The Silverlight Toolkit December 2008 Release added design time features for controls. I wrote these design time features, and will write a series of posts about how to implement them. This is the first, giving an overview of those design time features.
For each of the four control assemblies, there are three design time assemblies:
C:\mesh\SLTK\Binaries>filever /s /e /a
W32i DLL - 2.0.21024.1838 shp 286,720 12-09-2008 microsoft.windows.controls.datavisualization.dll
W32i DLL - 2.0.21024.1838 shp 200,704 12-09-2008 microsoft.windows.controls.dll
W32i DLL - 2.0.21024.1838 shp 77,824 12-09-2008 microsoft.windows.controls.input.dll
W32i DLL - 2.0.21024.1838 shp 40,960 12-09-2008 microsoft.windows.controls.theming.dll
W32i DLL - 2.0.21024.1838 shp 387,072 12-09-2008 microsoft.windows.controls.datavisualization.design.dll
W32i DLL - 2.0.21024.1838 shp 11,264 12-09-2008 microsoft.windows.controls.datavisualization.expression.design.dll
W32i DLL - 2.0.21024.1838 shp 13,824 12-09-2008 microsoft.windows.controls.datavisualization.visualstudio.design.dll
W32i DLL - 2.0.21024.1838 shp 259,584 12-09-2008 microsoft.windows.controls.design.dll
W32i DLL - 2.0.21024.1838 shp 10,752 12-09-2008 microsoft.windows.controls.expression.design.dll
W32i DLL - 2.0.21024.1838 shp 81,408 12-09-2008 microsoft.windows.controls.input.design.dll
W32i DLL - 2.0.21024.1838 shp 11,264 12-09-2008 microsoft.windows.controls.input.expression.design.dll
W32i DLL - 2.0.21024.1838 shp 11,264 12-09-2008 microsoft.windows.controls.input.visualstudio.design.dll
W32i DLL - 2.0.21024.1838 shp 48,640 12-09-2008 microsoft.windows.controls.theming.design.dll
W32i DLL - 2.0.21024.1838 shp 11,264 12-09-2008 microsoft.windows.controls.theming.expression.design.dll
W32i DLL - 2.0.21024.1838 shp 11,264 12-09-2008 microsoft.windows.controls.theming.visualstudio.design.dll
W32i DLL - 2.0.21024.1838 shp 11,264 12-09-2008 microsoft.windows.controls.visualstudio.design.dll
The name and location of corresponding run time and design time assemblies are important. Take microsoft.windows.controls.dll for example:
- its design time assemblies must be named microsoft.windows.controls.design.dll, microsoft.windows.controls.expression.dll, microsoft.windows.controls.visualstudio.dll.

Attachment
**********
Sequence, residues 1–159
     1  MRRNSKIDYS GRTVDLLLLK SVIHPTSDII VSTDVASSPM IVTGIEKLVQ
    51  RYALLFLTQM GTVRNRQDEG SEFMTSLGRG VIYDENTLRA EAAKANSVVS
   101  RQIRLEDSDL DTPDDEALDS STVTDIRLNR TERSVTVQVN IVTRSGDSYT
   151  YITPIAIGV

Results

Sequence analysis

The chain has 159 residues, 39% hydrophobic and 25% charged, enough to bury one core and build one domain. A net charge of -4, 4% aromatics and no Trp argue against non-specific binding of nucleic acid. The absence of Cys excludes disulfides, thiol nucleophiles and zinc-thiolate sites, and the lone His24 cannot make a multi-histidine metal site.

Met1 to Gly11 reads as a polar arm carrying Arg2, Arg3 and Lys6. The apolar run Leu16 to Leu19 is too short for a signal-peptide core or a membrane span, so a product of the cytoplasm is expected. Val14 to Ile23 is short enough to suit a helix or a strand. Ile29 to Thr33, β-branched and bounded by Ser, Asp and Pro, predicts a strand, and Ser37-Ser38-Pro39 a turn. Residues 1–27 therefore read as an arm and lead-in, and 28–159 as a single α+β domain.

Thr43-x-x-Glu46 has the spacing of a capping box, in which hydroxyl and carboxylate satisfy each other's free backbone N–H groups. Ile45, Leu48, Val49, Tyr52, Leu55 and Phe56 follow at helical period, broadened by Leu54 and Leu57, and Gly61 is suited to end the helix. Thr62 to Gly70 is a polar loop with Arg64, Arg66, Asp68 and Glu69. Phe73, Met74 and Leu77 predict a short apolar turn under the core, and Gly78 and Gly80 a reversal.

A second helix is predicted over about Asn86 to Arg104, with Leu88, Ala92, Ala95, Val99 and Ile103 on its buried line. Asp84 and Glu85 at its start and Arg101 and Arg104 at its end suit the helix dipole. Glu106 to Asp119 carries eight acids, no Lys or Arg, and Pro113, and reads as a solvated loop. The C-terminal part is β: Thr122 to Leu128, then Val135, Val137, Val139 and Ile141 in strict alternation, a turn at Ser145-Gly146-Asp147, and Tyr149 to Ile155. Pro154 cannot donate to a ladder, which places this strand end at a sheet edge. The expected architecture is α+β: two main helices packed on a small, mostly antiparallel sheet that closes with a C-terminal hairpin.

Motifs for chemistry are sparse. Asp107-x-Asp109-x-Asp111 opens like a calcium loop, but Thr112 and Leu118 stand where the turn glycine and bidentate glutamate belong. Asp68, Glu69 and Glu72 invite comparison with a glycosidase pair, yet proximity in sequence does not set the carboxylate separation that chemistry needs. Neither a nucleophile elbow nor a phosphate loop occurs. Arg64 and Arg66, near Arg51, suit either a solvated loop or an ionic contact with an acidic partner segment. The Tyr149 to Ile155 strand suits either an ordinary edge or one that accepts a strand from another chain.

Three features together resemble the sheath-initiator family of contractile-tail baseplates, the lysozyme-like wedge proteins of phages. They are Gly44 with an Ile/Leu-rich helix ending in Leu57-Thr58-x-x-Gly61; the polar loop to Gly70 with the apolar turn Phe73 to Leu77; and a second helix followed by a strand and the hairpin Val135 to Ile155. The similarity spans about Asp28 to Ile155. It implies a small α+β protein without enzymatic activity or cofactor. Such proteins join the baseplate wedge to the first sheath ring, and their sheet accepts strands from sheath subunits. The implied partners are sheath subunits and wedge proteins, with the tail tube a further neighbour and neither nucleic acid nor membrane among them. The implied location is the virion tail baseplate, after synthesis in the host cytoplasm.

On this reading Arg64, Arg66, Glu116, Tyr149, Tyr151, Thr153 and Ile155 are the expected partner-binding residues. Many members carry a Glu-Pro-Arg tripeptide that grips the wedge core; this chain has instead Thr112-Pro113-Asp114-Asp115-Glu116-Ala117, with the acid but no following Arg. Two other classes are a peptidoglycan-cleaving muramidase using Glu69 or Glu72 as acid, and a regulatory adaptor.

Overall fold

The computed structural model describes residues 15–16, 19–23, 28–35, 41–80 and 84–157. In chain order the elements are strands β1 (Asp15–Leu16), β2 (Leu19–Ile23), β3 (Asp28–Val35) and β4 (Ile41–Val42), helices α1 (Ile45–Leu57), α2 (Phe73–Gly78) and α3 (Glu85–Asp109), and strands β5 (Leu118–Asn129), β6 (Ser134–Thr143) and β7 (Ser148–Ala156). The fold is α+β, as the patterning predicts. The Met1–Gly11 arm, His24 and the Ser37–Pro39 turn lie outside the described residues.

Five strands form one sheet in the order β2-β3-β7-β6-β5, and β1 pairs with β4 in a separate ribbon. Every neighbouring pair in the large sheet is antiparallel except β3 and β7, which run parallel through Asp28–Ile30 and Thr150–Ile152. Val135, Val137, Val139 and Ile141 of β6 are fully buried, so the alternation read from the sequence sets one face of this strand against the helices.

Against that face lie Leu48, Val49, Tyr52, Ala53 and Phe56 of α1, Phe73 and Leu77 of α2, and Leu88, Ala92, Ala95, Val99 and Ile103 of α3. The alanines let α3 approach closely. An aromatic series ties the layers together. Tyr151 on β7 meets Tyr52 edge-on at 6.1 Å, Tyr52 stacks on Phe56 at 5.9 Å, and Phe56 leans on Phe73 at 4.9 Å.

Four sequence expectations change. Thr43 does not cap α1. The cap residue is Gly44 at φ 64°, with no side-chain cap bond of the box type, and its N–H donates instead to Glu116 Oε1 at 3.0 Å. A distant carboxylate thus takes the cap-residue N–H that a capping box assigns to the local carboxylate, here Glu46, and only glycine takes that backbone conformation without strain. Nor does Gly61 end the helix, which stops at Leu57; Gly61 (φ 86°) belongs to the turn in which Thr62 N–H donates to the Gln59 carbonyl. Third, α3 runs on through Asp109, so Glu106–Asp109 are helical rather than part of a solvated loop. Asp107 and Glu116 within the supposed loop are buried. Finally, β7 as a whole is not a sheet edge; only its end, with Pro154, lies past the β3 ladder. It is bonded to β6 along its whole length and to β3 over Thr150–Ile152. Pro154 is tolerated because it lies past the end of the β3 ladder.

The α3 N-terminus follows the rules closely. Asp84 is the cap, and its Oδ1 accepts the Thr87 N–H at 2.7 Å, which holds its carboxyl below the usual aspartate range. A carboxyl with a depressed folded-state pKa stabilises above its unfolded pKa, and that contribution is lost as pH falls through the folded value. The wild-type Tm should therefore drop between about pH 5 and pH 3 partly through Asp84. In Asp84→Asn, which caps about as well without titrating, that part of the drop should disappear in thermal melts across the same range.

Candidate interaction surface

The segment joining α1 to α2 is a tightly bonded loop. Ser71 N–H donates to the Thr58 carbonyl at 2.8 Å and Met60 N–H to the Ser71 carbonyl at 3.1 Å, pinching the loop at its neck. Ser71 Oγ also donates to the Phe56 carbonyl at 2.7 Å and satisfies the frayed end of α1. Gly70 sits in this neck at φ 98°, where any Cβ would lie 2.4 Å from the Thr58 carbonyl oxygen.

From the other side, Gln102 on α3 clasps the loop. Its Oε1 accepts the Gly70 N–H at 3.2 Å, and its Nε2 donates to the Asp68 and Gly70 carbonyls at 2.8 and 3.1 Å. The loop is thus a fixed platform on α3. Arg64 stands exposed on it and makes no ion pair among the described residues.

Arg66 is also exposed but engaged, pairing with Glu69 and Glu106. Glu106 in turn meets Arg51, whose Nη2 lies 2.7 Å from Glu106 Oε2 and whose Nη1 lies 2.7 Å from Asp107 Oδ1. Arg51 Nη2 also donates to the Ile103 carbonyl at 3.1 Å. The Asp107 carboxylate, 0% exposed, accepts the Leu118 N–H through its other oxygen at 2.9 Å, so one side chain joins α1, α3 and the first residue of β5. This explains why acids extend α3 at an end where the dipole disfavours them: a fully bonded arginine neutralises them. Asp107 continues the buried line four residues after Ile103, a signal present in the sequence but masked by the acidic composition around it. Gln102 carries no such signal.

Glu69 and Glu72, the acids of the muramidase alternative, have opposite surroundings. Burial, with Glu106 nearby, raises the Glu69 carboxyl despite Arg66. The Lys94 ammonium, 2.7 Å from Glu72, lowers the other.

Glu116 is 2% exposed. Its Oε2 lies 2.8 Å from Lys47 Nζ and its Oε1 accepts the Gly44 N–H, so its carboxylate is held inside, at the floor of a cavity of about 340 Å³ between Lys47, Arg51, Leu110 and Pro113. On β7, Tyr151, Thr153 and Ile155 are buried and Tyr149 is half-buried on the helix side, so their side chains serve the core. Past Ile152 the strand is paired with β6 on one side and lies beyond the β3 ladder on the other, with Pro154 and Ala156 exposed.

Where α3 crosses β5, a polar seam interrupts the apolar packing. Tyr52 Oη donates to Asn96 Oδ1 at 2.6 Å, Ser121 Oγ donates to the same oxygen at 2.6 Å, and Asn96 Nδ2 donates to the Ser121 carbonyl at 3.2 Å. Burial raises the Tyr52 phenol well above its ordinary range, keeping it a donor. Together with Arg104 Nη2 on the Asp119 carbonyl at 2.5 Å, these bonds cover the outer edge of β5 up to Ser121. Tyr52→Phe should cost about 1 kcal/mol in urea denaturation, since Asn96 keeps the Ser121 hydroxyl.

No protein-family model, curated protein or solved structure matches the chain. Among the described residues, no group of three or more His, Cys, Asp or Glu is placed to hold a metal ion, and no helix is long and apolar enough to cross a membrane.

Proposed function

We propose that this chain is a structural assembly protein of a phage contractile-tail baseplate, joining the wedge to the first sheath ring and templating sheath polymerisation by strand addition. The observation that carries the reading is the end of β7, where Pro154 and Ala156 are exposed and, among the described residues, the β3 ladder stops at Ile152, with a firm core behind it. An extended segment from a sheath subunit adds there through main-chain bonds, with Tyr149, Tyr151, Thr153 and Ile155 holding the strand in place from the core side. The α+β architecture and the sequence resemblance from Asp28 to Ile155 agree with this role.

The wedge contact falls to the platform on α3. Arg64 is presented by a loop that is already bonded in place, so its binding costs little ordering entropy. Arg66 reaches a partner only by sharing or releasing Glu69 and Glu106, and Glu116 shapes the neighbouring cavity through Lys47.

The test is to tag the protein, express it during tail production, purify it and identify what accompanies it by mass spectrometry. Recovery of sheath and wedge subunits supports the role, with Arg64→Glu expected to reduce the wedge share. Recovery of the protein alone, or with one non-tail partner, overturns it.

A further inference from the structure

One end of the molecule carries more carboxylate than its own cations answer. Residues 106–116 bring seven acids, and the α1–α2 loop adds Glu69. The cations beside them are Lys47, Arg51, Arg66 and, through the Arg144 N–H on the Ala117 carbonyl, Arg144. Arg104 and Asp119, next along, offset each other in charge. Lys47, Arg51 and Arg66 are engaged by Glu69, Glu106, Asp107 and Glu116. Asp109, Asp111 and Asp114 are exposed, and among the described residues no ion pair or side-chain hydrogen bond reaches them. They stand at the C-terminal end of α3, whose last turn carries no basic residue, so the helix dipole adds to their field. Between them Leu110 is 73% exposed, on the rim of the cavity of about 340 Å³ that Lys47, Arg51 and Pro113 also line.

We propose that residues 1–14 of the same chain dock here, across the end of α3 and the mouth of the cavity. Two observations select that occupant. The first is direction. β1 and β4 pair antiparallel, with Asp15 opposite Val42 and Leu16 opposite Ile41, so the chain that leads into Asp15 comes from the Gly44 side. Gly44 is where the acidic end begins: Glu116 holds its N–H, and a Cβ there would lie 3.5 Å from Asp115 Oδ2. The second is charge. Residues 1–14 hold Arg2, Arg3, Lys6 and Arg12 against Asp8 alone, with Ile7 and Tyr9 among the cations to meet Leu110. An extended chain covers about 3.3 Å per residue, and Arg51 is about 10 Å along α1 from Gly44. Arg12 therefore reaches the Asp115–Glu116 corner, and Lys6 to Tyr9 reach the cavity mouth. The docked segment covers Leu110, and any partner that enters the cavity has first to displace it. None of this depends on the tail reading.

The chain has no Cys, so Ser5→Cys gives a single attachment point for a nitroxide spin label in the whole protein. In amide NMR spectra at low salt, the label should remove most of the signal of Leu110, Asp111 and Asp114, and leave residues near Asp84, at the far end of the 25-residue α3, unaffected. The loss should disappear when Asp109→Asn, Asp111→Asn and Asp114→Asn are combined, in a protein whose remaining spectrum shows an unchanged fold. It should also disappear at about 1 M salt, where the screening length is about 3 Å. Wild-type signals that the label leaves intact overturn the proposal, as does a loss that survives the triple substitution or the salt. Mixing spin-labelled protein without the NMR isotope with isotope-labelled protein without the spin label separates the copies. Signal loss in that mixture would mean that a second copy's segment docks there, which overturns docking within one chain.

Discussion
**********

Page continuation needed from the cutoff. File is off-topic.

- Its design time assemblies must be either in the same directory as the run time assembly, or in a sub directory named design, as is the case here.
- With above name and location arrangement, Blend is able to automatically find and load microsoft.windows.controls.design.dll and microsoft.windows.controls.expression.dll, and in that order, while Visual Studio is able to find and load microsoft.windows.controls.design.dll and microsoft.windows.controls.visualstudio.dll, and in that order.
Design Time Features for Blend
To demonstrate how to use Silverlight Toolkit, and the design time features of its controls, let's create a new Silverlight application project from Blend:
And add all four run time assemblies to references:
Pop up Asset Library, select Custom Controls tab:
All those make the design time experience of those Silverlight controls that exist in WPF as well to be as similar as possible to their WPF counterpart, just like the run time experience.
Design Time Features for Visual Studio
Launch Visual Studio by right click the project in Blend and then select Edit in Visual Studio context menu item:
To add Silverlight Toolkit controls to Visual Studio toolbox:
- I added a filter to only show controls from Silverlight Toolkit assemblies;
- Microsoft.Windows.Control.Theming.dll doesn't have any controls to be added to Visual Studio toolbox, so the error dialog after selecting Microsoft.Windows.Control.Theming.dll is expected and OK;
- we expose a smaller set of controls to Visual Studio than to Blend;
- you can further remove some controls from Visual Studio toolbox by uncheck it below;
After adding Silverlight Toolkit controls to the toolbox, we can see below:
As control developer, we serve two types of customers:
- developers who use our controls to develop Silverlight applications. For developers, we need to provide:
- good run time APIs (properties/methods/events, class inheritance and containment etc) and UI (control contract, default template), to make controls easy to use, customize, extend and evolve;
- good design time UI to improve developer productivity;
- good documentation, samples, tutorials, community support etc;
- end users who use controls as part of the applications developed by developers. For end users, we need to provide good UI (control rendering, its keyboard and mouse interface etc): rich, intuitive, consistent, reliable, performant, and secure.
So the design time experience of Silverlight Toolkit is an important part of our overall deliverables. This post is an overview of the design time features in the December 2008 release. I will write follow up posts explaining how to develop design time features for Blend and Visual Studio, and provide some general framework/code that hopefully you can use in your own development.
As always, we are eager to hear your feedback, and quick in addressing your concerns and incorporating your suggestions. We strive to make Silverlight the best development platform, and make your investment and experience with Silverlight the most pleasant, productive, and rewarding! Thanks!